I was relieved to have an excuse to drink water for the rest of the night, if only for the fact that we were both underage and getting alcohol at any club was such a fucking ordeal it didn’t even feel worth it. The summer before we had gotten kicked out of an MSI concert simply because I was holding a beer. Not even drinking it, just holding it for a friend who went to the bathroom and didn’t want to put it down on the disgusting floor. I was livid. Look, I told the security guy. This isn’t mine. This is fucking Bud Light. The very thought that I would risk getting kicked out of someplace because of Bud Light was so painfully ludicrous I couldn’t believe he was even suggesting it, and I tried to make him see that.
But he wasn’t having any of it. In America, being underage and in close physical proximity to anything with an alcohol content is cause for alarm. I told him that by that logic, I already had a contact buzz from the liquor-soaked mosh pit so what difference did it make. “You don’t get it,” I said. “This is the kind of thing that makes kids want to drink more.” He told me if I put up any more of a fight we would both get arrested. We had already gotten a warning from the lady security guard for fucking in the bathroom and holding up the line.
Sloan had unzipped my tight blue dress and went to work on me, such a bright chemical blue it made your eyes hurt, but the problem was I could only spread my legs so wide because the dress was attached to garters which were attached to fishnets which were stuck in my boots and by the time I figured out how to maneuver my outfit the other girls in line had started throwing wads of toilet paper over the stall door. “Fuck off, we’re having a moment!” Sloan shouted to the line, which only increased the amount of toilet paper thrown over the door from every direction. “Whatever,” I said, pulling her out of me by the wrist and zipping the dress back up. “Let’s go. I can’t even focus.”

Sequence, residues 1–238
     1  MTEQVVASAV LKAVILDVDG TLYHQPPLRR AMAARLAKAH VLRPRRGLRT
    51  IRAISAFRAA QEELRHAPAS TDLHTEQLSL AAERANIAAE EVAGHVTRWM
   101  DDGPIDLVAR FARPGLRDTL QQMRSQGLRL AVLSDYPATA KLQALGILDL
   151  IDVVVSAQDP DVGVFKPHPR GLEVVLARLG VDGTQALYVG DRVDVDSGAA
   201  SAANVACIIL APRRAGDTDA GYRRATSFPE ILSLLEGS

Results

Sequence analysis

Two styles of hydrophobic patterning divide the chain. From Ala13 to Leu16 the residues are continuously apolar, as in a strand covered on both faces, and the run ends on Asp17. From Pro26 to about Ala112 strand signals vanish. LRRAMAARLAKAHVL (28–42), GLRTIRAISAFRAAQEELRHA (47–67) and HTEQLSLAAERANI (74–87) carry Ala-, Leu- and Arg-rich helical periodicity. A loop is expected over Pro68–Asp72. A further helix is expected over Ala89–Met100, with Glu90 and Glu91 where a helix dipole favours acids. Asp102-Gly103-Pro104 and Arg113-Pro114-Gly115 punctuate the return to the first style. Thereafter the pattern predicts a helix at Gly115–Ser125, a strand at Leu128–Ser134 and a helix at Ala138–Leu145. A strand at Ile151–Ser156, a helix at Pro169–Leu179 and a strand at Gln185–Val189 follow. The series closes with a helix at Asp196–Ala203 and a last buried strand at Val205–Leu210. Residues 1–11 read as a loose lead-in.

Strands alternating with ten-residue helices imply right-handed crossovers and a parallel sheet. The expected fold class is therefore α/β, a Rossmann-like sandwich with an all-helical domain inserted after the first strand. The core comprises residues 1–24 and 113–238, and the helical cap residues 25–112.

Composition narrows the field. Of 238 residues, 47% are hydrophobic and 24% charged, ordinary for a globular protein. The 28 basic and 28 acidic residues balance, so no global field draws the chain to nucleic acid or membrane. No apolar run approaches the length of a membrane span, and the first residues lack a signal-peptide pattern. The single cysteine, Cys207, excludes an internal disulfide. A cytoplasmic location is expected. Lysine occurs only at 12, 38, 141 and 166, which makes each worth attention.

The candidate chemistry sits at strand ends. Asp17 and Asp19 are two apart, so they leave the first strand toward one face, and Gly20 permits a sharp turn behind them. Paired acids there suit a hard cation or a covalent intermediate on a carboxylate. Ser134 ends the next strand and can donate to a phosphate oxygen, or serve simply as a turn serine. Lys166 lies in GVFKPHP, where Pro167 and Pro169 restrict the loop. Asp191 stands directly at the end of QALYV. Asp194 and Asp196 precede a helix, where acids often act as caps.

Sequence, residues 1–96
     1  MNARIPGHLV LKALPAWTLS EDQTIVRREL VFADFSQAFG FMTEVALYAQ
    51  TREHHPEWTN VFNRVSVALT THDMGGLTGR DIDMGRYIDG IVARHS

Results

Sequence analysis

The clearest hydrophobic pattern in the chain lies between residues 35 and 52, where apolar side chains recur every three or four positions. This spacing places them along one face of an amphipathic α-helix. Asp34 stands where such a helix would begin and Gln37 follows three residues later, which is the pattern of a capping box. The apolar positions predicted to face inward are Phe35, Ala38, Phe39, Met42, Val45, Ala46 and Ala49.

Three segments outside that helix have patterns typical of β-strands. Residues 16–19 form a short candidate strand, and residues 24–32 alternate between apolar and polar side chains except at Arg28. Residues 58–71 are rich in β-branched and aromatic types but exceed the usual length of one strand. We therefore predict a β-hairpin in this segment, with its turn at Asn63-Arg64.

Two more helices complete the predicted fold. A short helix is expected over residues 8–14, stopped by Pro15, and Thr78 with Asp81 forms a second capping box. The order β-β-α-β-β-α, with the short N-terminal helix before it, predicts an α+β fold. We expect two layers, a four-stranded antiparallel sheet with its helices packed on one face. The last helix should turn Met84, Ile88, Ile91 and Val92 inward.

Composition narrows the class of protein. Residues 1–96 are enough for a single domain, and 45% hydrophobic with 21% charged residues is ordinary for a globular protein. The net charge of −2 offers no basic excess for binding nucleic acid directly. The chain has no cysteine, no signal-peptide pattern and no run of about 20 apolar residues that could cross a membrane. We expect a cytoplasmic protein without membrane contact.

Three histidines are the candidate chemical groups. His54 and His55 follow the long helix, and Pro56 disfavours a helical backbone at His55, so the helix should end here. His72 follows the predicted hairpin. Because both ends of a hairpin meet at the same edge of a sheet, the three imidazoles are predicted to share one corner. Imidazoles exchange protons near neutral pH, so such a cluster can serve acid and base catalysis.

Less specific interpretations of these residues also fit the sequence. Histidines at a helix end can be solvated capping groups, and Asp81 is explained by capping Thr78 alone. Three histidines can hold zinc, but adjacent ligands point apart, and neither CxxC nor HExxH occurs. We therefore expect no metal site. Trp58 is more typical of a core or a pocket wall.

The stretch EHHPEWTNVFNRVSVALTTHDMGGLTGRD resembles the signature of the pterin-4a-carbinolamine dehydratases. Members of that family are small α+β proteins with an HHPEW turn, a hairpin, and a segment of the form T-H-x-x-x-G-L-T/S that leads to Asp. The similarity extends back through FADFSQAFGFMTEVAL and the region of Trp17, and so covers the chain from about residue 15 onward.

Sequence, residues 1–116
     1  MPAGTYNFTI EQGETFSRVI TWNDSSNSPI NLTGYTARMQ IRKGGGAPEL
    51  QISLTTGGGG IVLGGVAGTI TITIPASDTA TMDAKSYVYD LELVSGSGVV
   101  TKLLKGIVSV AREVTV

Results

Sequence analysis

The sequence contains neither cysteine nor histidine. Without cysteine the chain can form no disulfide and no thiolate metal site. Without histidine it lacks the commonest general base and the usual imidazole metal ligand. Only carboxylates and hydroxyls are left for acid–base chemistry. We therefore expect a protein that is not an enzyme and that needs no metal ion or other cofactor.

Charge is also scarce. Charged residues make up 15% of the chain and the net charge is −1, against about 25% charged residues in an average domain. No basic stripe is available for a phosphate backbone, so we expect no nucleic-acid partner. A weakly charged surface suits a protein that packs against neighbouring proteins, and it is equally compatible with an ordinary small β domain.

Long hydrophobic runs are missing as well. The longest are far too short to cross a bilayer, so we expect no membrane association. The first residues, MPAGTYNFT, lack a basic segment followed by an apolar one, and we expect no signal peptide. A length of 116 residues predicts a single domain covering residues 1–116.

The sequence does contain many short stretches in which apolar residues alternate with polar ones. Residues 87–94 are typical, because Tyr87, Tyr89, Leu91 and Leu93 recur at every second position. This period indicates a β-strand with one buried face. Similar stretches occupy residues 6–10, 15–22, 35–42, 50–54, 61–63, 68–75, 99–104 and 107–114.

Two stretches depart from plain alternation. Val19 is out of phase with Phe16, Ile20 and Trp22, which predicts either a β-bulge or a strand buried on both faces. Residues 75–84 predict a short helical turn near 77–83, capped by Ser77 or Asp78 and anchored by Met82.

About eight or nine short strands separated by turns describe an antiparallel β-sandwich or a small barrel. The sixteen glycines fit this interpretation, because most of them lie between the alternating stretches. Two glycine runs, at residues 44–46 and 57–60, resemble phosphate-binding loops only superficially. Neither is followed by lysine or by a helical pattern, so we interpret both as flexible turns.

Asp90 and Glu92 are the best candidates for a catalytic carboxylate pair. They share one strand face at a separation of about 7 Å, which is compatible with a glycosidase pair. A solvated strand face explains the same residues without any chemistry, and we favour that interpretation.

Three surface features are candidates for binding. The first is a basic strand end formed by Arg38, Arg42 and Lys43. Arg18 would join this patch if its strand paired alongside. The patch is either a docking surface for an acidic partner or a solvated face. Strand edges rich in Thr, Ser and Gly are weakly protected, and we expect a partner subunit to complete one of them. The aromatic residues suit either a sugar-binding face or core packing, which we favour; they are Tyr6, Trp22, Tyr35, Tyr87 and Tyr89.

And thus we exited the stall, which is how I got suckered into holding my friend’s shitty beer in the first place. Of course after we got kicked out Sloan suggested climbing back over the fence into the smoking area, but the thought of doing that, especially while not wearing underwear, was only slightly less mortifying than the thought of getting kicked out again by the same bouncer, or worse, making him help me down from the fence my vagina would inevitably get impaled on. And I was pretty sure I did not look anonymous that night – in a sea of mall goth black on black, the cobalt blue dress and similarly-colored hair would be difficult to miss. Especially impaled on a fence. “Fine,” Sloan said. “If you don’t think it’s worth a shot, we’ll just go home.” “Come on, babe. It’s not the last time we’ll get to see MSI.”
I tried to sound like I believed what I was saying but I couldn’t help thinking Kate Moss would have done it. Kate Moss would have hopped that goddamn fence and slipped through the tight-packed crowd of smokers like mercury, reached under her dress and pulled a joint out of her snatch. Kate Moss would have let Sloan finish fucking her in the bathroom, caught the wads of toilet paper flying over the door and thrown them back at the pissed off girls wet with globs of her own spit and cum. Kate Moss wouldn’t have been content to just go home. Kate Moss, whatever she would have done, wouldn’t have been scared.